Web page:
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Integrated Stratigraphic and Structural Evolution of a Fluvial-Dominated, Tide-Influenced Marginal Marine System, the North Malay Basin, Gulf of Thailand

Kumnerdsiri, Kumphon; Ainsworth, Bruce; Mitchell, Andy; Backe, Guillaume

Core, wireline-log, and 3-D seismic data from the Greater Bongkot South Field were integrated to study the inter-relation of sedimentation and structure of the ~250m thick, Middle Miocene 2-D interval. Sedimentological logs from two cored wells were used to calibrate petrophysical logs for sedimentary facies and then interpolated to nine other un-cored wells. High resolution inter-well stratigraphic correlation was carried out based on core-lithology and log motif pattern, within a framework of three interpreted seismic horizons.

From the base to the top of the cored section, ten coarsening-upward cycles of mudstone, heterolithic, very fine-medium grained sandstone, and coal lithofacies are observed. Lenticular bedding and double mud drapes are associated with the heterolithic facies which indicate tidal activity, whereas ripple cross lamination and climbing ripples to cross bedding representing fluvial processes are found in the sandstone facies . From the facies associations, it can be implied that deposition occurred in a deltaic environment where fluvial and tidal processes interacted at the shoreline. Sedimentary architecture in the study interval can be classified at various scales; from Transgressive-Regressive (T-R) sequences to Element Sets. Sixteen T-R sequences are defined. Transgressive Element Complex Assemblage Sets are generally thin with the Regressive Element Complex Assemblage Sets (RECAS) forming the bulk of the T-R Sequences. Fluvial-dominated, Tide- influenced (Ft) Mouthbar and Fluvial (F)-Channel Element Complexes dominate the RECAS.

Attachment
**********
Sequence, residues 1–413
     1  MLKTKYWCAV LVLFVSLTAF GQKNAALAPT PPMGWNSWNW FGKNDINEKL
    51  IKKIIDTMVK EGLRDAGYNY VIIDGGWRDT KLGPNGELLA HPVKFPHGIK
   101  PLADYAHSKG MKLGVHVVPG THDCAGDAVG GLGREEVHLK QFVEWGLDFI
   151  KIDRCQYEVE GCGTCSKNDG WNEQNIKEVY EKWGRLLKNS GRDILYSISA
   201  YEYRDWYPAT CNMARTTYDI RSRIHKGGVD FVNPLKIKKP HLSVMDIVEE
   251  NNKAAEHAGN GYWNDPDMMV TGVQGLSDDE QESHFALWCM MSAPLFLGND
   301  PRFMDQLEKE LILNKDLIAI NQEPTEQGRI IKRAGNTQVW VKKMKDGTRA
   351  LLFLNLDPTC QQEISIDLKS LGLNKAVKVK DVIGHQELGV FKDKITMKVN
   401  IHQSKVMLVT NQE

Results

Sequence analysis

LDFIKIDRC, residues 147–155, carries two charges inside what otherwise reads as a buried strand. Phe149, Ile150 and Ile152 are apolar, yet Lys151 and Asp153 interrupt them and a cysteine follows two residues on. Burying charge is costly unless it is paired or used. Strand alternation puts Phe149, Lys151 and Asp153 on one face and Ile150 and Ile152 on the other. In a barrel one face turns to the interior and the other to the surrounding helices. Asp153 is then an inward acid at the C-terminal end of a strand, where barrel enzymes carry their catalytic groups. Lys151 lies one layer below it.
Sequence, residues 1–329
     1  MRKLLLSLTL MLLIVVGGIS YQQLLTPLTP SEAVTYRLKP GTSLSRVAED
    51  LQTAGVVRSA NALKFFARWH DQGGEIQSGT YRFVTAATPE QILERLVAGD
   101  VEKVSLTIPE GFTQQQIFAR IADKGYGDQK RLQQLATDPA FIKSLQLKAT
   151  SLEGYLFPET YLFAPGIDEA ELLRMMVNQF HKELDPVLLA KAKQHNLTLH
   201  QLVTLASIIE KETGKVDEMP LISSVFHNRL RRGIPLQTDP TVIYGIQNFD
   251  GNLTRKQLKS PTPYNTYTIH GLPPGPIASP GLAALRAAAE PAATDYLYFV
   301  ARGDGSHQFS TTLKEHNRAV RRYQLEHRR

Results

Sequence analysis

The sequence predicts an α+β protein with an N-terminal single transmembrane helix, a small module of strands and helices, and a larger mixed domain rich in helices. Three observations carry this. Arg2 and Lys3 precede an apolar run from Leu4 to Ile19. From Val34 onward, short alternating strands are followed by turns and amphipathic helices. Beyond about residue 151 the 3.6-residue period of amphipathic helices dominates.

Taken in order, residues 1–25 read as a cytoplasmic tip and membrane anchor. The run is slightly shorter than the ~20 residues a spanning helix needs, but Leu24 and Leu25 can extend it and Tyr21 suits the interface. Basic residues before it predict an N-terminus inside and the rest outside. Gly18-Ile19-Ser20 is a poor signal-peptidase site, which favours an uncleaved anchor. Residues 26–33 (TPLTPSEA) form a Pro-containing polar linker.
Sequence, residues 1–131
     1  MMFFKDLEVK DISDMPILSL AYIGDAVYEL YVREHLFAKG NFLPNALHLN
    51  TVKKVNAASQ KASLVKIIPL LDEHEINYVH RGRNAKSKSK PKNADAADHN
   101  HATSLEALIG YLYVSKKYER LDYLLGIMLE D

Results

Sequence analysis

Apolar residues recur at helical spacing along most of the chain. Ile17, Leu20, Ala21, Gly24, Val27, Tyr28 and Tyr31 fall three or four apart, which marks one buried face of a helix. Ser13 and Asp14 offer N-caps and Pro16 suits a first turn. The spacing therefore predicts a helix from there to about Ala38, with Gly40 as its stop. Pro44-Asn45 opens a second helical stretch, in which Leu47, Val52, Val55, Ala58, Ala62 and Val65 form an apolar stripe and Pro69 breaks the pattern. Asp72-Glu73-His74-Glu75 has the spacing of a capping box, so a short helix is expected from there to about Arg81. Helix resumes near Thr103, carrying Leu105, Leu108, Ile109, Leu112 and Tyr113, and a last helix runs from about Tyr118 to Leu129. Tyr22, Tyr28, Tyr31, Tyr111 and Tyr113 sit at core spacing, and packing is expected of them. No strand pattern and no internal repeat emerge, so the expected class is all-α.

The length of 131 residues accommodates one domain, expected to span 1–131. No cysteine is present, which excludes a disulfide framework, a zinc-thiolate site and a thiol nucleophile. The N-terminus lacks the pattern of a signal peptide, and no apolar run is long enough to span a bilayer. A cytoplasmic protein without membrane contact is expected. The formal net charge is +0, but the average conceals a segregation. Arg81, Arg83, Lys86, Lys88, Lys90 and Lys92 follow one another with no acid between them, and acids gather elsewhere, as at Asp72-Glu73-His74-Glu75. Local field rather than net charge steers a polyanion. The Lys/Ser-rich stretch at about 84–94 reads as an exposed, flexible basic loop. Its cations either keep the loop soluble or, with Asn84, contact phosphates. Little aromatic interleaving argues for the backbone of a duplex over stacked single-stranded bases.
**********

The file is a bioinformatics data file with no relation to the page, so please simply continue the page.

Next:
Structurally, the interval of interest is associated with minor inversion. The degree of inversion is more pronounced in the southern part of the study area and towards the top of the 2-D interval. Two families of different fault orientation; NW-SE and NE-SW control depositional dip direction at any one time. Progradation direction of mouth bar lobes is perpendicular to fault terraces particularly at the eastern and western flanks of the basin. Inversion results in uplift and therefore regionally decreases base level. This structural inversion corresponds with more frequent regressive surfaces of erosion and increased stacking of F-Channel Element Complexes towards the top of the interval of interest. However, high fault densities limit lateral sandbody continuity.


AAPG Search and Discovery Article #90163©2013AAPG 2013 Annual Convention and Exhibition, Pittsburgh, Pennsylvania, May 19-22, 2013